Rosemary's Catering celebrates 70 years of service

RK Group was founded by catering icon Rosemary Kowalski

By Ursula Pari - Anchor
SAN ANTONIO - Rosemary Kowalski remembers being a young World War II bride when her husband took his $10,000 war service award and went into the food business.  
 
Despite having no experience, they bought Ben's Diner on North Zarzamora Street.
 
"We bought it from a man named Ben Barcelona, and we knew so little. (We) didn't even have sense enough to change it to our name. We just left it in his name," Kowalski, the 92-year-old matriarch of RK Group, said.  
 
The couple learned the business with on-the-job training. Rosemary eventually went into private homes in the hopes of starting some business by word of mouth.  
 
"There were no people. There were no books to teach you what catering was. And they taught me, the ladies did, how to serve a party," Kowalski said.
 
The word of mouth spread rapidly, with socialites sharing the success of the private parties with their husbands, who eventually would hire Rosemary's Catering for company picnics.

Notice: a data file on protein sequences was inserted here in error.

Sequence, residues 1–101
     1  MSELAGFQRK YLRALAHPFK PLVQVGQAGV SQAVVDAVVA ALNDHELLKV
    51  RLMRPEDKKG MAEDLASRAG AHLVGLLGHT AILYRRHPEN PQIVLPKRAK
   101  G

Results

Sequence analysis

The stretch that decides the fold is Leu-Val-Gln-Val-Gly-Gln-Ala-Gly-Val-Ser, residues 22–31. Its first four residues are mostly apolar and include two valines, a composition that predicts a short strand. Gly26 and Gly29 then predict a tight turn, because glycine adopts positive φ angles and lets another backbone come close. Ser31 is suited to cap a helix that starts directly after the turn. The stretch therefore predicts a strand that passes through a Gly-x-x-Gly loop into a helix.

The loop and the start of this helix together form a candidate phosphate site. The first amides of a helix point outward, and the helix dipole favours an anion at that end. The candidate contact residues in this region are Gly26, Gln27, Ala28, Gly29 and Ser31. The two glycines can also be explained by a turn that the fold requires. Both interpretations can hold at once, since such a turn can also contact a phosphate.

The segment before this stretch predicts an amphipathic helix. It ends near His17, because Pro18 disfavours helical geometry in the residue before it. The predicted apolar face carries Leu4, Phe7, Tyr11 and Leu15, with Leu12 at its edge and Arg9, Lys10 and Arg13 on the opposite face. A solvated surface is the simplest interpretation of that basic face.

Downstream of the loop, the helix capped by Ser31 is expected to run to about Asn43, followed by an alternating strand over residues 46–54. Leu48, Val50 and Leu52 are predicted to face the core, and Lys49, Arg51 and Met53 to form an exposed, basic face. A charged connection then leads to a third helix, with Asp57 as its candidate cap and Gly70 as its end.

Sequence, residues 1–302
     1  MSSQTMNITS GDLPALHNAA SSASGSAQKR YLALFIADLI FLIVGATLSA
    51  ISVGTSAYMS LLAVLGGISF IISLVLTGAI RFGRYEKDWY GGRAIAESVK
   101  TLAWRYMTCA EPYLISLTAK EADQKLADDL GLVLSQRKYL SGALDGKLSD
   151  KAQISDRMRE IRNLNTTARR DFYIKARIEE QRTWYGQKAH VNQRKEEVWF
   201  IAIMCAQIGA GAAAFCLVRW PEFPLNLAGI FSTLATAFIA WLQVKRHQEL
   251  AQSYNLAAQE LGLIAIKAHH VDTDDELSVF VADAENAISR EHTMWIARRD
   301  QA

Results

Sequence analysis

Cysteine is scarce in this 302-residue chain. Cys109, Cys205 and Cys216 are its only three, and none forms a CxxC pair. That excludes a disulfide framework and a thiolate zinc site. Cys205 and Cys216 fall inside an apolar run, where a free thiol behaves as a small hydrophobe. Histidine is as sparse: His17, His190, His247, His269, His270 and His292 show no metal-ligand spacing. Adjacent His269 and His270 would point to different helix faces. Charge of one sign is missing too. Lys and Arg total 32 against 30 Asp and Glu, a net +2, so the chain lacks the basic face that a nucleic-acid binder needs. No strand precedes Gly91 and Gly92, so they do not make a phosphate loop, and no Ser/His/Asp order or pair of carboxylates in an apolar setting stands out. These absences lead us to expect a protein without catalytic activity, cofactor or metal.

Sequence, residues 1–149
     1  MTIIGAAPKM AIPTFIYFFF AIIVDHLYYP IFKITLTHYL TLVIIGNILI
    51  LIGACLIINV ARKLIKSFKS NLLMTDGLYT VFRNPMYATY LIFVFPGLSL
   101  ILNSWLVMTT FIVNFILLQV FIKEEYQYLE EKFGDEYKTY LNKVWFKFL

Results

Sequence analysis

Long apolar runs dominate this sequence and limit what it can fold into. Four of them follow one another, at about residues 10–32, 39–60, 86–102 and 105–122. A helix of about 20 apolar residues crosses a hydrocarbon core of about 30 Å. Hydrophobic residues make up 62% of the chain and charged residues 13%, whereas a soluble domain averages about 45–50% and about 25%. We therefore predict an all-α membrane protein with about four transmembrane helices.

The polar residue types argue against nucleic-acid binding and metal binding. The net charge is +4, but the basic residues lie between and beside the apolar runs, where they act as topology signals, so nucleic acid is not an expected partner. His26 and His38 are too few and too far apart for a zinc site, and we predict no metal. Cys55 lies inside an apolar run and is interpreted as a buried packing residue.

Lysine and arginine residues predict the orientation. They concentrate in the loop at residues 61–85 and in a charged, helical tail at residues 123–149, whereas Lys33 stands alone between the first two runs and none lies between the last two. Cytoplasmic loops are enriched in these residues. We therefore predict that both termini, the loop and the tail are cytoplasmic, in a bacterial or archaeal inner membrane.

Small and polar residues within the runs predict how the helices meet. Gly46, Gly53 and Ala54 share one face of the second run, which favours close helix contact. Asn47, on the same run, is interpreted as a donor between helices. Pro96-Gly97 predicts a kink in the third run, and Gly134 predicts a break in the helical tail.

Seventy years later, RK Group has the lucrative Henry B. Gonzalez Convention Center food contract and is a multistate food service phenomenon that spans three generations of Kowalskis.
 
While most people associate RK Group or Rosemary's Catering with Rosemary herself, she hasn't run the company since 1979, when she turned it over to her son, Greg.
 
Her son is part of the management team that spans 70 years of service. It's a remarkable record of longevity in a business that is fraught with short-lived food industry efforts.
 
Greg Kowalski, who is still president and CEO of RK Group, said that while his mother set the pace, the employees have kept them in business.  
 
"We are blessed to be first-generation, second, third, but it's the staff, past present and future. Without everyone's hard work and dedication, there's no 70 years," he said.
 
As Rosemary Kowalski continues to attend social events and nonprofit events in her daily outings, she continues to exude the sort of energy that got her catering company into the big leagues. 
 
"My main word is work," she said. "I feel like you can do anything and everything if you work, say 'please' and 'thank you.'" That's all you need, is those three words."
 
Rosemary Kowalski said her most amazing experiences include being chosen to offer Pope John Paul II all of his meals when he visited San Antonio in 1987. 
 
But she said that all her meals were important, whether it was a simple breakfast, lunch, or dinner for the leader of the Catholic Church or a wedding she catered 60 years ago.

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